Aftermath of the DART collision with Dimorphos captured by SOAR Telescope

The DART impact ejected vast amounts of dust and debris from the surface of the asteroid Dimorphos. The trail of dust is more than 10,000 kilometres long.Credit: CTIO/NOIRLab/SOAR/NSF/AURA/T. Kareta (Lowell Observatory), M. Knight (US Naval Academy)

When NASA’s Double Asteroid Redirection Test (DART) spacecraft slammed into an asteroid on purpose last September, many telescopes were trained on this one-of-a-kind celestial event. Some were operated by teams of amateur astronomers — skilled skywatchers for whom astronomy is not their full-time day job (or, more accurately, night job). Three such teams on France’s Réunion island in the Indian Ocean, plus one in Nairobi, managed to watch the impact in real time.

These skywatchers are among the authors of a study in Nature that describes how the asteroid, named Dimorphos, became temporarily brighter and redder as the spacecraft hit it1. One of five papers about the impact published in Nature15, it describes a real-time view of a cosmic collision — similar to that when Comet Shoemaker–Levy 9 slammed into Jupiter in July 1994.

The four telescopes were of a type that has become popular in the amateur-astronomy community, with 112-millimetre-diameter mirrors. Manufactured by Unistellar, based in Marseille, France, they come with an app that uploads observational data to the company’s server, so professional astronomers can quickly combine and analyse records of an event made by their amateur associates.

It’s the latest example in the long-running story of how amateur stargazers have assisted in making observations of the night sky. In the past, for example, astronomers have improved their understanding of variable stars — those whose brightness as seen from Earth changes with time — by tapping into an extensive database of observations built partly by amateur astronomers as part of a global network called the American Association of Variable Star Observers. Other such community-science efforts include helping working astronomers to categorize galaxies, and sifting through cosmic signals in search of any that might be coming from extraterrestrial civilizations. Amateur astronomers routinely discover comets and other celestial events, as well as identify previously undescribed phenomena and objects from old photographs of the night sky. In 2020, for instance, Italian amateur astronomer Giuseppe Donatiello discovered three dwarf galaxies orbiting a distant galaxy, just by going through public data from the Dark Energy Survey, recorded by a telescope in Chile.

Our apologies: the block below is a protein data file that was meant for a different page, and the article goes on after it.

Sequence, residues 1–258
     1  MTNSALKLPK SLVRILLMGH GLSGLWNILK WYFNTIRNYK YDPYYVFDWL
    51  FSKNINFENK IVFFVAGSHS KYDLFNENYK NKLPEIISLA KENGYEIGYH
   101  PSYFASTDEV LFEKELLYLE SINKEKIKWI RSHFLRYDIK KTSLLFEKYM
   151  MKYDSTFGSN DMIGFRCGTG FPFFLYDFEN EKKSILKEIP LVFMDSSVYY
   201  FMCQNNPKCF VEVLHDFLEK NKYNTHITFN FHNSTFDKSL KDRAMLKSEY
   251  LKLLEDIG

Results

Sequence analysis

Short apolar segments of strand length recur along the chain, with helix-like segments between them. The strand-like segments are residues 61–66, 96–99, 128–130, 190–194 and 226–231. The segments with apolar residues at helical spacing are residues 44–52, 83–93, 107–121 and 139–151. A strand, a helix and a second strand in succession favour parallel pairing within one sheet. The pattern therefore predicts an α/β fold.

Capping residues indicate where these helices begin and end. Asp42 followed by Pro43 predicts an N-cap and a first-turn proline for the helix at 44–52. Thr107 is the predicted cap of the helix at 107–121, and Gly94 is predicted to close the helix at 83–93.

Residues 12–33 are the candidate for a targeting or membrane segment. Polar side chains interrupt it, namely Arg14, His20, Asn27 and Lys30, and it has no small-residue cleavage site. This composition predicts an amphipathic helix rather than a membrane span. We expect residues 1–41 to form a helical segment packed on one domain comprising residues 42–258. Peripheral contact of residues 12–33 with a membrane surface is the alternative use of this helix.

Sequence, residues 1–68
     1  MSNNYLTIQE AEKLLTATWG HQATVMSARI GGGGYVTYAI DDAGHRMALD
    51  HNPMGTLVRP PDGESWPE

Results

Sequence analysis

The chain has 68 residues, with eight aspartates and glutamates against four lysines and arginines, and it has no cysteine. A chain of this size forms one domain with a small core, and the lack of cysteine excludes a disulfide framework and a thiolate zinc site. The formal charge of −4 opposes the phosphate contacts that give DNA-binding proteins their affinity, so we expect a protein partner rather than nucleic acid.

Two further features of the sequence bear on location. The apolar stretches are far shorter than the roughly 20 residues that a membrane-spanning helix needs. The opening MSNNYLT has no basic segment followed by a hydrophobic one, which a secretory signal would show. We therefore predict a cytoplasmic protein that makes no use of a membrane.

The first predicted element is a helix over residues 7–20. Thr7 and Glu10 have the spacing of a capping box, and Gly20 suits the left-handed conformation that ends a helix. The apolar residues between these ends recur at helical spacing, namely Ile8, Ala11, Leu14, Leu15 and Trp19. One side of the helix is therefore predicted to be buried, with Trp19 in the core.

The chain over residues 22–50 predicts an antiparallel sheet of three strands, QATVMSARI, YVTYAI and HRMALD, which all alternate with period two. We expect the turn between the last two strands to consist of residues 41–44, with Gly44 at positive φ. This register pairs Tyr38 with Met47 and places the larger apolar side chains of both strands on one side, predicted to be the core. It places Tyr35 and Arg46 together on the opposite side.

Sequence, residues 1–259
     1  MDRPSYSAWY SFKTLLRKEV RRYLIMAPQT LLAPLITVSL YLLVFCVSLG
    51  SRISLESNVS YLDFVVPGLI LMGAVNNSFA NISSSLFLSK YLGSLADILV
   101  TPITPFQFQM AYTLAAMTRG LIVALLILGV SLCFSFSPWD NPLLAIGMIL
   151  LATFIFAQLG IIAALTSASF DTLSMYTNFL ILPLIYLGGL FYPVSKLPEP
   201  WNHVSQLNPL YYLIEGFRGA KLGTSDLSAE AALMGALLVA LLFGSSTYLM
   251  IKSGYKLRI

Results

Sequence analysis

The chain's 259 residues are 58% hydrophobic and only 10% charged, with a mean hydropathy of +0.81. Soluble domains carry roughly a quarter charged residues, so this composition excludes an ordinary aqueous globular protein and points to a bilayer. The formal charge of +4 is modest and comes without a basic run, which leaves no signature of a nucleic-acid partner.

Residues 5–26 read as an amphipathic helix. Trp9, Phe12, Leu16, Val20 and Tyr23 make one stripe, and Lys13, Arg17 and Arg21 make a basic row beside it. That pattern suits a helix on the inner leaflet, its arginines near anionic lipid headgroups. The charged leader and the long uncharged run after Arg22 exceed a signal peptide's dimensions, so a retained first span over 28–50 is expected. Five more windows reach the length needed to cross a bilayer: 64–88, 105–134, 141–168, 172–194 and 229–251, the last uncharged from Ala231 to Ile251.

Coordination between amateur and professional researchers is not unique to astronomy. In January, researchers unveiled a model called BirdFlow, which uses machine learning to predict where 11 North American bird species will migrate to6. They explained that this was made possible because of the amateur ornithologists who contribute several million records of bird sightings to an online database called eBird every year.

Whatever the discipline, community science collects data from many contributors, which must be checked and calibrated. The payoff is that the more people can confirm an observation, the more robust that observation becomes. In the case of the DART impact, the amateur scientists were able to rapidly gather, distribute and publish information about the event. Other teams of amateurs continue to monitor the DART asteroid system. For example, a French–Greek effort supported by the European Space Agency includes amateur observations and aims to refine our understanding of the system’s orbit around the Sun.

As science becomes ever-more specialized and dependent on ever-more-specific instrumentation, it is tempting to think that the day of the amateur scientist is over. But this would be wrong. More working researchers in more fields should think about how they can harness the enthusiasm of their amateur colleagues in creative ways.

The next time you’re looking for an observation partner or someone to help crunch data, consider the amateur.